‘What Do You Mean My Home Isn’t Legal?’

By Gemma Alexander

Home may be where the heart is, but good luck convincing the authorities of that if your home is illegal.

Your heart – or finances – may lead you to hang your hat in any number of atypical dwellings, but the truth is, it takes more than love to make a house a legal residence.

Most states have adopted the International Residential Code (IRC) for one- and two-family dwellings, but there are usually additional local building and zoning codes that must be followed. It’s a good idea to do some research or speak to a real estate lawyer for detailed questions.

Here’s a summary of the legal status for a few of the most popular forms of alternative housing.

Mobile and manufactured homes

The granddaddy of alternative housing, the modern mobile home (or trailer home) developed after World War II as a response to a newly mobile workforce looking for cheap housing in the midst of a population boom. Although trailer homes are almost never actually mobile, their popularity has endured.

The National Manufactured Housing Construction and Safety Standards Act of 1974 (title VI of Pub. L. 93-383, 88 Stat. 700, 42 U.S.C. 5401) required the U.S. Department of Housing and Urban Development (HUD) to develop construction and safety standards for mobile homes.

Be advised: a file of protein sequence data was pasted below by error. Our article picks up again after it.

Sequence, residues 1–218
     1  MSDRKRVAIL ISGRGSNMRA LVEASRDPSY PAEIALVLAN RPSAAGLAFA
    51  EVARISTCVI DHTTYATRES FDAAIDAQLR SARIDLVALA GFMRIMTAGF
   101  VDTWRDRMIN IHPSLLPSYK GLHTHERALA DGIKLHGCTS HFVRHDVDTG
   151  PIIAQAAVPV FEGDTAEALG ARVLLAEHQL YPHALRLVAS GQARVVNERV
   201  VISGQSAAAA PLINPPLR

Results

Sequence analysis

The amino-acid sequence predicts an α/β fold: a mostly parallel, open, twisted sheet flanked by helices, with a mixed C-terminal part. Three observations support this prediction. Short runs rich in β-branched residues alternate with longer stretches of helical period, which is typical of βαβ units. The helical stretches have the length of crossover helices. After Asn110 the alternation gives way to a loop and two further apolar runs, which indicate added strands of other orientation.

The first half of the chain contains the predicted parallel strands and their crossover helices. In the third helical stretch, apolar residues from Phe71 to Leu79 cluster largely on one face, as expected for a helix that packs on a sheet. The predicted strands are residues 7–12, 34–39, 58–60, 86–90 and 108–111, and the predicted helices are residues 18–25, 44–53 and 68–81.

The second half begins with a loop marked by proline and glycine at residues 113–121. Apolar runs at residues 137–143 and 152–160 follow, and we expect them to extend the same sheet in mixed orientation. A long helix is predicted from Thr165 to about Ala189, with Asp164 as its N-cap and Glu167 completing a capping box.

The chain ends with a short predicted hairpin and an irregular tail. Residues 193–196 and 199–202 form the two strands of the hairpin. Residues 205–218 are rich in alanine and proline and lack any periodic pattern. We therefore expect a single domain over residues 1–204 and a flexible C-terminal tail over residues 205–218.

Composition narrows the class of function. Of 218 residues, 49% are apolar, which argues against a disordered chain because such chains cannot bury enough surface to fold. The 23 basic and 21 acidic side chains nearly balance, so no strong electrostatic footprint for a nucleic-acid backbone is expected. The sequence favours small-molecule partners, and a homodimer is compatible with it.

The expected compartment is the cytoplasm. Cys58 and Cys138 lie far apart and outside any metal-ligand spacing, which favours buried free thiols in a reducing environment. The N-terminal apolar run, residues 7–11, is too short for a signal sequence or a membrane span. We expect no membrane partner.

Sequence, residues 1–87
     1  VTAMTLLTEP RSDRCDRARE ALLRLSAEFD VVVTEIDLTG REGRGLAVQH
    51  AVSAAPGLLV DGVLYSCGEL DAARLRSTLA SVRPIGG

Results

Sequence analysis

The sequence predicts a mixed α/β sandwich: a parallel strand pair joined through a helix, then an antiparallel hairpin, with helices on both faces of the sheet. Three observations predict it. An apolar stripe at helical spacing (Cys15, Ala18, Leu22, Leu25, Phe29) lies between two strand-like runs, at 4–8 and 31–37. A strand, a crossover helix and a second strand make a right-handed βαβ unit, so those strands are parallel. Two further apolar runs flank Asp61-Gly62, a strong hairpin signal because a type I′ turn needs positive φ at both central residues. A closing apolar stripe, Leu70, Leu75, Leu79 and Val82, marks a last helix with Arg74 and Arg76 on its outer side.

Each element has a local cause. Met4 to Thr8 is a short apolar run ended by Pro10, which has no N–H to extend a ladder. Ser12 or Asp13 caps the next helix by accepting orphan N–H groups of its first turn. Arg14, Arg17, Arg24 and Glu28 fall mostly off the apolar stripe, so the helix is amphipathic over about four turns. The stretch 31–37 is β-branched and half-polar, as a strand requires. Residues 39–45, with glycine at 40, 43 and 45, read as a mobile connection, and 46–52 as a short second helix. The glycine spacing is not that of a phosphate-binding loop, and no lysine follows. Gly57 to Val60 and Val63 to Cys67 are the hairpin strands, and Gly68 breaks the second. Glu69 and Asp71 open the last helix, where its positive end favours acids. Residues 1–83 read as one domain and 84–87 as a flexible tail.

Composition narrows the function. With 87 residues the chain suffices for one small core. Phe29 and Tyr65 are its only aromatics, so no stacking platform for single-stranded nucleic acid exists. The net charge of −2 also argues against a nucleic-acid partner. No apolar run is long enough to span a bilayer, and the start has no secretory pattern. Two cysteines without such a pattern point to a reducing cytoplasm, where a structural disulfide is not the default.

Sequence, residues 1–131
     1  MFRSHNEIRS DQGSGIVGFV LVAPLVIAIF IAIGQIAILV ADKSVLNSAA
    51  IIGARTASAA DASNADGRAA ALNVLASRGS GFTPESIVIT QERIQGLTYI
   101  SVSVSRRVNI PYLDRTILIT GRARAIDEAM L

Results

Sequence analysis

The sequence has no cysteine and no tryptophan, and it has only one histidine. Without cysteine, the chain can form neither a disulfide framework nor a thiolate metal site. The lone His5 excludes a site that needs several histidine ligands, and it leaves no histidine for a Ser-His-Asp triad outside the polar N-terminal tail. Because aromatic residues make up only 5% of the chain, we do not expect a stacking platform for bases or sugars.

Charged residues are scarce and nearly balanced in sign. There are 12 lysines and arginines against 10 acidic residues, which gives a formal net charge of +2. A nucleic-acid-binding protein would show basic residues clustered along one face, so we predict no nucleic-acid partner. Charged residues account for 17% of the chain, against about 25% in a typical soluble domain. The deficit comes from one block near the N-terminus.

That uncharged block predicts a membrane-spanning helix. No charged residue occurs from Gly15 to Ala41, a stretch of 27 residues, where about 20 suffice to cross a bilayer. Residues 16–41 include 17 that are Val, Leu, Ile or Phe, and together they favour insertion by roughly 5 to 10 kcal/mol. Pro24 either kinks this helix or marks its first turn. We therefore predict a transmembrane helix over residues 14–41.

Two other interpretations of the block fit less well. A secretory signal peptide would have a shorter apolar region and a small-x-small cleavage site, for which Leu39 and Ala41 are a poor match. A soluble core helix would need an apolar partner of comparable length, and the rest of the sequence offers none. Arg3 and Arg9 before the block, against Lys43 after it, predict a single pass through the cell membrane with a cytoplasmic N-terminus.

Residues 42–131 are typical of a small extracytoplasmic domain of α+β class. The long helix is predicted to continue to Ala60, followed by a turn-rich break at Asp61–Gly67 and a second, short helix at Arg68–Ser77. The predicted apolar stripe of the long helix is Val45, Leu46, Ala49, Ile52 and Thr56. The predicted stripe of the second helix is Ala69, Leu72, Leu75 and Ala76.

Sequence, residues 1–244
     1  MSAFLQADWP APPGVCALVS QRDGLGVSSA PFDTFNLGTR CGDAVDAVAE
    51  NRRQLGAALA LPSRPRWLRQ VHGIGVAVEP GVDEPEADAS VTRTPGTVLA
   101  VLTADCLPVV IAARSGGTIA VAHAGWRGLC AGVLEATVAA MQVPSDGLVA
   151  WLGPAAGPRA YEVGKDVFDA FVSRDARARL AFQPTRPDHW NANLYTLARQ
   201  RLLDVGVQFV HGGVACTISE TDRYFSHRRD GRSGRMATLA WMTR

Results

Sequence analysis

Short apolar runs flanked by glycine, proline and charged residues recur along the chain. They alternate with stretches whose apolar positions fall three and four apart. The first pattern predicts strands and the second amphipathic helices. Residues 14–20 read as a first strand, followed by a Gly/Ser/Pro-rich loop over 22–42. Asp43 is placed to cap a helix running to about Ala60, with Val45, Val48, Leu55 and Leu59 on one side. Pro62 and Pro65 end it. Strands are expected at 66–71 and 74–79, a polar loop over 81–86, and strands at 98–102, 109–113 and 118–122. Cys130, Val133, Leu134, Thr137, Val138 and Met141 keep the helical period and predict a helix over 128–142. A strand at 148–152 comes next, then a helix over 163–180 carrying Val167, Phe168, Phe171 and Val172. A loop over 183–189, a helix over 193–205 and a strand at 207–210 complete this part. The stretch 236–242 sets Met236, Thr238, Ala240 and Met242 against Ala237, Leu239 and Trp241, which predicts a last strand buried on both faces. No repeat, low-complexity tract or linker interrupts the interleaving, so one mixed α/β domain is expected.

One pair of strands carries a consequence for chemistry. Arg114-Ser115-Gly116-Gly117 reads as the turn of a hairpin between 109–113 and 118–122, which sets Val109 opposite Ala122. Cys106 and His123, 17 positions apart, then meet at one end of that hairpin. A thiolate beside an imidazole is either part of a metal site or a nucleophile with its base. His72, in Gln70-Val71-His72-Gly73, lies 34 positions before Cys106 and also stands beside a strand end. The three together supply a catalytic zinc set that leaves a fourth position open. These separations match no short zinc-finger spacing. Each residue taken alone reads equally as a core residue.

Since 1976, all new mobile homes have been legally referred to as manufactured homes and have been factory-built to HUD Title 6 construction standards, which require manufactured homes to be at least 320 square feet with a permanent chassis to assure the transportability of the home.

A HUD-coded home must display a Certification Label and Data Plate. The red Certification Label (sometimes called the HUD Label) will be located at the back of each transportable section of the home. The Data Plate will be located inside, on or near the main electrical breaker box.

In addition to HUD standards, manufactured homes can be subject to local codes. For example, in Orange County, California, manufactured home installations must receive health department approval, and are subject to many of the same electrical and plumbing inspections as new home constructions.

RVs

RV is short for “recreational vehicle,” not “motorhome,” a fact that is overlooked by many who dream of retiring and trading a mortgage for a life on the road.

The U.S. Department of Housing and Urban Development has drawn attention to the issue this year with a proposed revision of the exemption for recreational vehicles from HUD’s Manufactured Housing Procedural and Enforcement Regulations.